Wednesday, September 10, 2008

Ligeti, Poulenc and Prokofiev at the Symphony

My favorite box-office person in the Civic Center, Meredith Clark (above), has set up shop in the lobby of Davies Symphony Hall and it was a joy as usual to see her on Sunday afternoon. It's too bad the San Francisco Ballet, where she worked for 17 years, has decided that the internet should be the only way people get tickets rather than providing a fully staffed box office. (Note to Ballet: It doesn't work.)

Alex Ross at "The New Yorker" has written an amusing account of how audiences have behaved over the centuries at music concerts and notes that serious, quiet and rigid routines are of recent vintage. He describes the usual cookie-cutter approach to programming a classical music concert as the following (click here for the whole article):
"The modern classical-music performance, as audiences have come to know it and sometimes to love it, adheres to a fairly rigid format...The evening falls into two halves, each lasting around forty-five or fifty minutes. An orchestral concert often proceeds from overture or short tone poem to solo concerto, and then to a symphony or some other major statement."

That sums up last week's San Francisco Symphony concert perfectly, except the formula felt fresh and exciting because the music and the performances were so good. The "short tone poem" was the 1967 "Lontano" by Ligeti, which was beautiful and hugely delicate. Unfortunately, the music barely survived the Sunday matinee crowd's incessant coughing which sounded like a tuberculosis ward.

This wasn't a problem for the 1932 concerto for two pianos by Poulenc played by Katia and Marielle Labeque (above). They performed the same piece in May 2006 and I'd be happy to hear it again in 2010 as it is Poulenc at his very best -- by turns witty, mysterious, and exuberant.

The sisters returned for an encore of some delightful bit of nonsense which nobody at intermission seemed able to place.

The second-half symphony was Prokofiev's #5, written at the end of World War Two, and I don't think I've ever heard it before which is a bit like saying you know most of Beethoven's music but have never heard the Fifth Symphony.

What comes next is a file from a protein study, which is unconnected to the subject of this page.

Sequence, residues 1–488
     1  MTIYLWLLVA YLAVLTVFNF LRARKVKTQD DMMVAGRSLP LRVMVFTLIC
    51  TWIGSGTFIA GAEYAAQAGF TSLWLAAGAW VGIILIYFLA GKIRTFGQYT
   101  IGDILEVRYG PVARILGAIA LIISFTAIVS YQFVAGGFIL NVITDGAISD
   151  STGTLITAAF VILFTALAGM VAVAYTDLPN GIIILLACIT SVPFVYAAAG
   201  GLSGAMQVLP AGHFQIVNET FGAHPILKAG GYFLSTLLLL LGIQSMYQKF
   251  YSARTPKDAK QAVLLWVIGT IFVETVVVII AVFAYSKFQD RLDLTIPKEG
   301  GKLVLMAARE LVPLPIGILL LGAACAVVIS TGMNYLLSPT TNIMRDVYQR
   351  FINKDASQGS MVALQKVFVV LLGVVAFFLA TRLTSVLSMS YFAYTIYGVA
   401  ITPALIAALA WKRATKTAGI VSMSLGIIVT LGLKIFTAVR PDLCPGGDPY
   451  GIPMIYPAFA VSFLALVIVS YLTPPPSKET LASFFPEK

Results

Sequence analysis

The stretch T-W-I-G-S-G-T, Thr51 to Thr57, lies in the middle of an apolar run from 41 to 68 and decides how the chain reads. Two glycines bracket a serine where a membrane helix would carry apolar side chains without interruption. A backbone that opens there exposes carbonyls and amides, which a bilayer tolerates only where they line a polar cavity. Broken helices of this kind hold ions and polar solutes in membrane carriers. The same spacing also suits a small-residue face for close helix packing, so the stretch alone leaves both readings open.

Though the music isn't to everybody's taste (Lisa Hirsch wrote "Prokofiev’s Fifth Symphony is about the most clattery, repetitious, overlong excuse for a symphony I have ever heard"), I loved every moment of it, and the performance reminded me that Prokofiev is one of the oddly underrated composers of the 20th century. Bring back his operas, San Francisco Opera, please.


jolene said...

"San Francisco Ballet...has decided that the internet should be the only way people get tickets rather than providing a fully staffed box office."

WHAT. Is this a new development?

There's one picture in here that made me smile. :) Thanks for including it.

What are the Labeque sisters wearing?? That's a lot of look for two women - perhaps they were inspired by Fashion Week. I believe Poulenc is the piece that was included in SF Ballet's New Works Festival, I would have loved to have been there. It sounded like it was a great program.

sfmike said...

Dear Jolene: No, the ballet box-office staffing is not a new development as it started last year. They only open the box office on performance days from noon on, which is sort of crappy if you happen to want to buy tickets at the opera house on a day when there isn't any performance that evening or afternoon. It's sort of a penny-wise, pound-foolish move.

And yes, the Wyrick photo was for you.

jolene said...

lol thanks! I admire all your photos, some more than others. Top notch musicianship is rare, and always appreciated.

Anonymous said...

The Opera did "Betrothal in a Monastery" several seasons ago and I loved it. (Was Netrebko in the cast? I think so.) A chorus of drunken, greedy, lecherous monks? Mmm, good.

pjwv said...

To me, your comment about the incessant coughing ruining the Ligeti illustrates the main reason why I don't object to the so-called formal aura of concert-going: it's just consideration for others to sit still and keep quiet, and not to assume that your comments or whatever are of more importance than everyone else's desire to listen to music without intrusion. I see many discussions of the alleged problem of formality, but rarely do I see a mention that when you have hundreds or even thousands of people together, you just need some rules. Our society is so basically thoughtless and inconsiderate that I hate to see any form of consideration tossed out.
The Ligeti was gorgeous on Thursday, by the way -- silent audience. . . .